Skip to content
My WebMD Sign In, Sign Up

ADD & ADHD Health Center

Select An Article
Font Size

Stimulant Drugs for ADHD

Stimulant drugs are the most commonly used treatment for ADHD.

Stimulants are an effective way of managing ADHD symptoms, such as short attention span, impulsive behavior, and hyperactivity. They may be used alone or in combination with behavior therapy.

Recommended Related to ADD-ADHD

Aging and ADHD

ADHD doesn't just affect kids or young adults. If you're an older adult who often feels distracted and disorganized and struggles to complete tasks, it may be worth finding out if you've been living with undiagnosed ADHD. "I have patients in their 50s, 60s, and early 70s who were never diagnosed before and were prompted to consider ADHD after their child or grandchild got diagnosed. It's highly genetic," says David W. Goodman, MD, assistant professor of psychiatry and behavioral sciences at...

Read the Aging and ADHD article > >

These drugs improve ADHD symptoms in about 70% of adults and 70% to 80% of children. They tend to reduce interruptive behavior, fidgeting, and other hyperactive symptoms, as well as help a person finish tasks and improve his or her relationships.

Improvements in behavior and attention span usually continue as long as the medication is taken, although benefits in social adjustment and school performance have not yet been shown to endure over the long term.

Stimulants are not considered to be habit-forming in the doses used to treat ADHD in children and adolescents, and there is no evidence that their use leads to drug abuse. Nonetheless, there is a potential for abuse and addiction with any stimulant medication, especially if a person has a history of substance abuse and addiction.

Common Stimulants for ADHD

There are many stimulants available to treat ADHD: short acting (immediate-release), intermediate-acting, and long-acting forms. Common stimulants include:

  • Adderall (intermediate-acting)
  • Adderall XR (long-acting)
  • Concerta (long-acting)
  • Dexedrine (short-acting)
  • Dexedrine spansule (intermediate-acting)
  • Daytrana (a patch that delivers the drug on a long- or shorter-acting basis)
  • Metadate CD (long-acting)
  • Metadate ER (intermediate-acting)
  • Methylin ER (intermediate-acting)
  • Ritalin (short-acting)
  • Ritalin LA (long-acting)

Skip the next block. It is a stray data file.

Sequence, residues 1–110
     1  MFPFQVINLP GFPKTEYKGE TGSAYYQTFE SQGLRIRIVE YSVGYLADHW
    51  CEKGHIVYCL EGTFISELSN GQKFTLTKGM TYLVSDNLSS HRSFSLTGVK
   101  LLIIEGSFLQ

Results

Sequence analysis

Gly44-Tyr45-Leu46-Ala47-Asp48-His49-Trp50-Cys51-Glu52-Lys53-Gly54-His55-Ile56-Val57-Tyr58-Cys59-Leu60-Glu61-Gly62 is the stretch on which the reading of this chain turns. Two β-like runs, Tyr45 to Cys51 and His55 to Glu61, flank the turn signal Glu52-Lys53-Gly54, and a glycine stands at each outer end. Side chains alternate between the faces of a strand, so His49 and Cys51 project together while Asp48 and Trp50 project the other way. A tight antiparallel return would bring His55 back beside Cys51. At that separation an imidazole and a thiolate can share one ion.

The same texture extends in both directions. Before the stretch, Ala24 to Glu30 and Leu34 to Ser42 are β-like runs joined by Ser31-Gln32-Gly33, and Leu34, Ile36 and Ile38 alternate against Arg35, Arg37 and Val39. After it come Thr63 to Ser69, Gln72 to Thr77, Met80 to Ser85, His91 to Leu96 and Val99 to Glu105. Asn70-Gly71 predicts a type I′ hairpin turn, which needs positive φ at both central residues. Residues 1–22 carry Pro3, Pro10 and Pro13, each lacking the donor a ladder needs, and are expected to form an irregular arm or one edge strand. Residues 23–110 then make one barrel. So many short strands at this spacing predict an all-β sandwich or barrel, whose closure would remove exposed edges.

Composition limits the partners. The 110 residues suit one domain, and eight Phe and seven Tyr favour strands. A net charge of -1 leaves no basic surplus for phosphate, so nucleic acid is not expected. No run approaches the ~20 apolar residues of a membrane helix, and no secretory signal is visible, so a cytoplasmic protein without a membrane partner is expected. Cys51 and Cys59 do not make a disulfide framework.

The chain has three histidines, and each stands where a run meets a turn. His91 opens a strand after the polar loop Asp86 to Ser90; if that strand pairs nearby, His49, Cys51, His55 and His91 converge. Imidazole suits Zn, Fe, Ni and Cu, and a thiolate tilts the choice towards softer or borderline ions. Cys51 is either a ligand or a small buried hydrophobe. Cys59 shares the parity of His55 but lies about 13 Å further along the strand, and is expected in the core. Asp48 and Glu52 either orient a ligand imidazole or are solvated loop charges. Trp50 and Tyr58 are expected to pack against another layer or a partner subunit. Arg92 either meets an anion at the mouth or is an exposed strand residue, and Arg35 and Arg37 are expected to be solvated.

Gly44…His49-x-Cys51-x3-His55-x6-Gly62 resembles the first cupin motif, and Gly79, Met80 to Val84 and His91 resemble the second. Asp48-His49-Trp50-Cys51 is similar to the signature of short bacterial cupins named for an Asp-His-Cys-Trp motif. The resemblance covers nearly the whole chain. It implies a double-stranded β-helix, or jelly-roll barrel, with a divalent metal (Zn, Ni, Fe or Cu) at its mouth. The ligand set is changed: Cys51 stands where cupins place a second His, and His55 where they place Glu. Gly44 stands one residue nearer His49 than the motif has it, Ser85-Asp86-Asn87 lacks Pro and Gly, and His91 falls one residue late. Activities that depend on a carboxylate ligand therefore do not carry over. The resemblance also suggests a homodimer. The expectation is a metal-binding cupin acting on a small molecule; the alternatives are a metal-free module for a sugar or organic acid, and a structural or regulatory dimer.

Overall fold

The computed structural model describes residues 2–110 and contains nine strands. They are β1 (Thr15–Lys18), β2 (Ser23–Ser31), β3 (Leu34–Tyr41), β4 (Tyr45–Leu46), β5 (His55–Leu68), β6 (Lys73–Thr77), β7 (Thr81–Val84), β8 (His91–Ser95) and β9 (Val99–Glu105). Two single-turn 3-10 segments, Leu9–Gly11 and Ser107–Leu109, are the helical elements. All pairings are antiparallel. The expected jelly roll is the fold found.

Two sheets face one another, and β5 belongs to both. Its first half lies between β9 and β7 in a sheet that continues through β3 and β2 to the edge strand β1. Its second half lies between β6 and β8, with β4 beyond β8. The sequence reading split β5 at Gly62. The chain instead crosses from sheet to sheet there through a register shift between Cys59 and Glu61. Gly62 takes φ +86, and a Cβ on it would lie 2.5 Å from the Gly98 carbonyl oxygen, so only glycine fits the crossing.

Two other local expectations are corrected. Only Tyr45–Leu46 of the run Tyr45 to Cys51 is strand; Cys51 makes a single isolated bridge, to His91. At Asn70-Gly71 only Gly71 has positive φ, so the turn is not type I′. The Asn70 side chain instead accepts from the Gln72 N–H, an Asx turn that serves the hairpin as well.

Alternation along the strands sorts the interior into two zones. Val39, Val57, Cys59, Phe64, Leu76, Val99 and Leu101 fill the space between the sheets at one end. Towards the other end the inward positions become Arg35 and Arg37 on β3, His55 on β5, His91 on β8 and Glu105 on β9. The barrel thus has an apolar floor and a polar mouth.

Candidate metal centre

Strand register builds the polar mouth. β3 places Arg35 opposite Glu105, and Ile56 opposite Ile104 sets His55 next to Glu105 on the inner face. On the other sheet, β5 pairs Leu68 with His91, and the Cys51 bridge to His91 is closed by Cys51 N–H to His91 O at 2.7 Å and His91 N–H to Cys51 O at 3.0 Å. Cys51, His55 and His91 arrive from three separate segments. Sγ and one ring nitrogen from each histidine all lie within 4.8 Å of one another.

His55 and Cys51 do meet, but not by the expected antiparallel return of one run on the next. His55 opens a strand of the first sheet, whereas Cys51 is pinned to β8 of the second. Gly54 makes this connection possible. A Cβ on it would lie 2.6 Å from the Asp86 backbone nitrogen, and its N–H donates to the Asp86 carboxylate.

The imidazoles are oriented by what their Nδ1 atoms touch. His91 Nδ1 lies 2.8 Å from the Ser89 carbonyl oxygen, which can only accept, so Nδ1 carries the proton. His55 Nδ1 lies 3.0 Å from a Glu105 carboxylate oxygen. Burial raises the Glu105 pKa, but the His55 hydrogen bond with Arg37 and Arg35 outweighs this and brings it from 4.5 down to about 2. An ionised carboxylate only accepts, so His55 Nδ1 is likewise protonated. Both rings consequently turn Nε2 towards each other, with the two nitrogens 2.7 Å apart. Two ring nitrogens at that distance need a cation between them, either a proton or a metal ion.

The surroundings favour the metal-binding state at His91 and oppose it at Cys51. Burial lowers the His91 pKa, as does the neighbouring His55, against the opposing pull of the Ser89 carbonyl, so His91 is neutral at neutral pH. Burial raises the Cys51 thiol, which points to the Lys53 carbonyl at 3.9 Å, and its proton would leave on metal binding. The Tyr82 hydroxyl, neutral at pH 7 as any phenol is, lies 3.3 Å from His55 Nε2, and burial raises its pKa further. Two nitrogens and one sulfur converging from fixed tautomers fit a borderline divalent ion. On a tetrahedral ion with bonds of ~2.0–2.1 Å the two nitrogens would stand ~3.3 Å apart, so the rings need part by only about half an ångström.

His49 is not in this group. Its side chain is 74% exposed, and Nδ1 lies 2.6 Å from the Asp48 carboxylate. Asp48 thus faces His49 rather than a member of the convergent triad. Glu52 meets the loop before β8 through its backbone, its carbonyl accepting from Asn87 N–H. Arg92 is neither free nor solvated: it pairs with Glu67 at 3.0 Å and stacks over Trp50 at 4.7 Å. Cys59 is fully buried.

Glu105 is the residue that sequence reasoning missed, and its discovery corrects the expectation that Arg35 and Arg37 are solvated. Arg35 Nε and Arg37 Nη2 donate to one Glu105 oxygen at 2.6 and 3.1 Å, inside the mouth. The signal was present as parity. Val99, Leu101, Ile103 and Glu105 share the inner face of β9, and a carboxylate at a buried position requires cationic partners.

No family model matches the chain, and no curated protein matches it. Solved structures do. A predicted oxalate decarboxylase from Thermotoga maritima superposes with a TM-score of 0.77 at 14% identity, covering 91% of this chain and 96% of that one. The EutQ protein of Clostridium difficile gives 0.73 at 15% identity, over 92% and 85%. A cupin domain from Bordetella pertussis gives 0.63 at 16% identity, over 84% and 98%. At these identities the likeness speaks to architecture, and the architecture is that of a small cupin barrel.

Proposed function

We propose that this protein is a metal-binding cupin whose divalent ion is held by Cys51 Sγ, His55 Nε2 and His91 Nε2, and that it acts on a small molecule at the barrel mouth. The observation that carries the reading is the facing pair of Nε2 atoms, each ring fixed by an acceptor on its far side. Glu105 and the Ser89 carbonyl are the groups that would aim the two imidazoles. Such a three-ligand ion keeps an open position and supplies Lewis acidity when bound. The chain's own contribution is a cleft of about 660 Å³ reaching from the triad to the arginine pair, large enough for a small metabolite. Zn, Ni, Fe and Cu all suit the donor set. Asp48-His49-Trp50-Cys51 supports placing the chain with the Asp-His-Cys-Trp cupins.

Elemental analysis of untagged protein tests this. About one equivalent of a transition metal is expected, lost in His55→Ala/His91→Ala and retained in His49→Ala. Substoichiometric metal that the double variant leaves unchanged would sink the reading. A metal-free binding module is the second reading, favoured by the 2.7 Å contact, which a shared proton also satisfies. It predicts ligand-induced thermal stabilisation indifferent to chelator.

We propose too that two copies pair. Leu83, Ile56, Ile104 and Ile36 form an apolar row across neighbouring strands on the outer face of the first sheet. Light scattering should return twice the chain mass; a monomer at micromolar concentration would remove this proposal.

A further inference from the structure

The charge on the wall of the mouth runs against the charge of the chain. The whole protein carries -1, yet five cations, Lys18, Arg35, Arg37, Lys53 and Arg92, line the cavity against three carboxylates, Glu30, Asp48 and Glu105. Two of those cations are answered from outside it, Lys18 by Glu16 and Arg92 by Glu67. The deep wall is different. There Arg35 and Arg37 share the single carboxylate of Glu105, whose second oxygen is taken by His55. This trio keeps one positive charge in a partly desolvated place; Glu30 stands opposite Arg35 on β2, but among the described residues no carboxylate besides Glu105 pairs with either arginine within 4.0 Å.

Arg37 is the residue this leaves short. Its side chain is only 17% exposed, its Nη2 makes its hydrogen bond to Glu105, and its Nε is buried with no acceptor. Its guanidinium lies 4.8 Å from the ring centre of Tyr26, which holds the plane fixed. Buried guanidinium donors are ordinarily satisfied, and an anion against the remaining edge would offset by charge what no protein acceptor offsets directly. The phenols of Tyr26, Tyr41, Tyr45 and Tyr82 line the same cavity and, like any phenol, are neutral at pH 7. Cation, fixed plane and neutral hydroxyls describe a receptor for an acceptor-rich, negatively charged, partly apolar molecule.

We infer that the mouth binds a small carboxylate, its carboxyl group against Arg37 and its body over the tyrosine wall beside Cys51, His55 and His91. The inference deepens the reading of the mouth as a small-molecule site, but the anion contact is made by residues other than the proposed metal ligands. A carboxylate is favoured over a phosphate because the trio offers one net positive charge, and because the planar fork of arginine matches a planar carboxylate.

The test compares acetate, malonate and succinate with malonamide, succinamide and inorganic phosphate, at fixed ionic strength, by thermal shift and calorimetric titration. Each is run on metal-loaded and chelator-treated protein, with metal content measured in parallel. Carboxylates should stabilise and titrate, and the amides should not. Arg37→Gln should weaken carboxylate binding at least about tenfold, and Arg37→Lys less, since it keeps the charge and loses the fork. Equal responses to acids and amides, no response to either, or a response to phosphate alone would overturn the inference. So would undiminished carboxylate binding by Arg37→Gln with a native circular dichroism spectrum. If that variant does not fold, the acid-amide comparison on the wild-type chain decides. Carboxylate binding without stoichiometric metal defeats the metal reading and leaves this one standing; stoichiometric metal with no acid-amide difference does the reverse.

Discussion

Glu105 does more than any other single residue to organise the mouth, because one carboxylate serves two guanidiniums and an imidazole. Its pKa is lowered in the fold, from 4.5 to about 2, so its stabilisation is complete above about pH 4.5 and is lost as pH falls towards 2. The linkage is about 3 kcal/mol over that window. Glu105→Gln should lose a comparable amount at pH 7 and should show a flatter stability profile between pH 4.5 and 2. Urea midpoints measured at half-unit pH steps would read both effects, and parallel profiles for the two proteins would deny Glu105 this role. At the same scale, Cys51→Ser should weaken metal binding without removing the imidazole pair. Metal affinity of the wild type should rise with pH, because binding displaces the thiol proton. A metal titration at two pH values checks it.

• Ritalin SR (intermediate-acting)
  • Vyvanse
  • Quillivant XR (long-acting)

The short-acting forms of the drug are usually taken two or three times a day and the long-acting ones just once a day.

Newer forms of some stimulant drugs may reduce side effects and relieve symptoms for a longer period of time. They include Concerta (10-12 hour duration), Daytrana patch (7- 10 hours, depending on how long it is worn), Ritalin LA (6-8 hours), Metadate CD (6-8 hours), and Adderall XR (10-12 hours).

How Do Stimulants Work for ADHD?

For someone with ADHD, stimulants regulate impulsive behavior and improve attention span and focus by increasing the levels of certain chemicals in the brain, such as dopamine and norepinephrine, which help transmit signals between nerves.

Who Should Not Take a Stimulant Drug?

People with any of the following conditions should not take stimulants:

  • Glaucoma (a condition that causes increased pressure in the eyes and can lead to blindness)
  • Severe anxiety, tension, agitation, or nervousness
  • Treatment with a type of medication called monoamine oxidase inhibitors, such as Nardil or Parnate, within 14 days of starting stimulant therapy
  • People with motor tics or a personal or family history of Tourette's Syndrome
  • People who are psychotic or have a history of psychosis


What Are the Side Effects of Stimulants?

Common side effects of stimulants include:

  • Headache
  • Upset stomach
  • Increased blood pressure

These typically resolve after a few weeks of treatment as the body adjusts to the medication.

WebMD Medical Reference

Next Article:

Today on WebMD

Justin Timberlake
brain food
Man distracted while working
young man holding book

concentration killers
Woman taking a vitamin or supplement
ADHD and Substance Abuse
Reduce Side Effects ADHD Medications

boy eating egg
smiling man
ADHD in Marriage and Romantic Relationships
Adult man lying awake in bed

WebMD Special Sections